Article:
The Natural History of Selborne
Constable and Company, 1829 - 343 pages
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able abound advance animal appear attention autumn become begin birds breed build called common continued curious discovered district doubt eggs examine fall feeding feet female fields flocks forest former four frequently frost garden ground half haunt head house-martins hundred inches insects kind known late least leave legs letter live manner March matter means mentioned middle migration month morning natural nest never night observed once particular perhaps person plants probably procured rain remarkable retire season seems seen Selborne severe short side sing snow sometimes soon sort species spring strange summer suppose swallow swifts tail taken till tion torpid trees turn usually vast village walls weather week whole wild wings winter wonder woods young
Page 65 - For every kind of beasts, and of birds, and of serpents, and of things in the sea, is tamed, and hath been tamed of mankind: but the tongue can no man tame; it is an unruly evil, full of deadly poison.
Page 318 - Less than archangel ruined, and the excess Of glory obscured ; as when the sun, new risen, Looks through the horizontal misty air Shorn of his beams, or from behind the moon, In dim eclipse, disastrous twilight sheds On half the nations, and with fear of change Perplexes monarchs.
Page 76 - Amusive birds ! say where your hid retreat, When the frost rages and the tempests beat ? Whence your return, by such nice instinct led, When Spring, soft season, lifts her bloomy head? Such baffled searches mock man's prying pride, The God of Nature is your secret guide!
Page 217 - ... seldom failing to strip them with the nicest regularity. When these junci are thus far prepared, they must lie out on the grass to be bleached, and take the dew for some nights, and afterwards be dried in the sun.
Page 224 - Into the body of the tree a deep hole was bored with an auger, and a poor devoted shrew-mouse was thrust in alive, and plugged in, no doubt, with several quaint incantations long since forgotten. As the ceremonies necessary for such a consecration are no longer understood, all succession is at an end, and no such tree is known to subsist in the manor or hundred. As to that on the Plestor, " The late Vicar stubb'd and burnt it...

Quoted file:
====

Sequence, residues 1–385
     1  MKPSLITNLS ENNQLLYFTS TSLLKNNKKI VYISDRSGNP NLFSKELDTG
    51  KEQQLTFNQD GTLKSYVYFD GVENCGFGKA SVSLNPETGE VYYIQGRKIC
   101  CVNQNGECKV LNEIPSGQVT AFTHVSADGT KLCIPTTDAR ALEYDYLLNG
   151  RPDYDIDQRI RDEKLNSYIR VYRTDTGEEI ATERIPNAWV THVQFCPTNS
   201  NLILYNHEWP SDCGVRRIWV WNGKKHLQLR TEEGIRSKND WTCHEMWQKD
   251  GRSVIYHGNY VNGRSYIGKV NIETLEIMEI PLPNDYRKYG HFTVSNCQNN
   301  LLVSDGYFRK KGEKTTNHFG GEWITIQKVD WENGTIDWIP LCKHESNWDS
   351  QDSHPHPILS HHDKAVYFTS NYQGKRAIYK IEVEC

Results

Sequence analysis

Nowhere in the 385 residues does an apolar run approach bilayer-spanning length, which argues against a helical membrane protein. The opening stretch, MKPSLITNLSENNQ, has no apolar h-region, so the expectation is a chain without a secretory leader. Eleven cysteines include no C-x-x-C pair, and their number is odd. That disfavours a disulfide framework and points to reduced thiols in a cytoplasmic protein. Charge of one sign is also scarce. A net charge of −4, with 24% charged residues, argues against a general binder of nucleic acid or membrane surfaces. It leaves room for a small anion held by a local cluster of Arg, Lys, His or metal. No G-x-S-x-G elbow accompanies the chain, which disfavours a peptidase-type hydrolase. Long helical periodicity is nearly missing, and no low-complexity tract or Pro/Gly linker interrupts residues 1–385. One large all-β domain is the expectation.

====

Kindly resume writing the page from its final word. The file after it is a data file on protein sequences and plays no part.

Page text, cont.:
Page 236 - For to say nothing of half the birds, and some quadrupeds which are almost entirely supported by them, worms seem to be the great promoters of vegetation, which would proceed but lamely without them, by boring, perforating, and loosening the soil, and rendering it pervious to rains and the fibres of plants, by drawing straws and stalks of leaves and twigs into it; and, most of all, by throwing up such infinite numbers of lumps of earth called worm-casts, which, being their excrement, is a fine manure...
Page 2 - In the midst of this spot stood, in old times, a vast oak, with a short squat body and huge horizontal arms, extending almost to the extremity of the area. This venerable tree, surrounded with stone steps, and seats above them, was the delight of old and young, and a place of much resort in summer evenings ; where the former sat in grave debate, while the latter frolicked and danced before them.
Page 166 - Nothing can be more assiduous than this creature night and day in scooping the earth and forcing its great body Into the cavity; but, as the noons of that season proved unusually warm and sunny, it was continually interrupted, and called forth, by the heat in the middle of the day; and though I continued there till the 13th of November, yet the work remained unfinished.
Page 259 - There is a peculiarity belonging to ravens that must draw the attention even of the most incurious — they spend all their leisure time in striking and cuffing each other on the wing in a kind of playful skirmish; and when they move from one place to another, frequently turn on their backs with a loud croak, and seem to be falling to the ground. When this odd gesture betides them, they are scratching themselves with one foot, and thus lose the centre of gravity.
Page 4 - ... sat on. At last, when it gave way, the bird was flung from her nest; and, though her parental affection deserved a better fate, was whipped down by the twigs, which brought her dead to the ground.